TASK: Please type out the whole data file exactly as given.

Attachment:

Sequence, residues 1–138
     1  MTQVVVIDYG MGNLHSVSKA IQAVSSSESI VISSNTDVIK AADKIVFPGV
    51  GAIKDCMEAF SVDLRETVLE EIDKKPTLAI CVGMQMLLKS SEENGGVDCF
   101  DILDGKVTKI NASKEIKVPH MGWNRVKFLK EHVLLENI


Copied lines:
Sequence, residues 1–138
     1  MTQVVVIDYG MGNLHSVSKA IQAVSSSESI VISSNTDVIK AADKIVFPGV
    51  GAIKDCMEAF SVDLRETVLE EIDKKPTLAI CVGMQMLLKS SEENGGVDCF
   101  DILDGKVTKI NASKEIKVPH MGWNRVKFLK EHVLLENI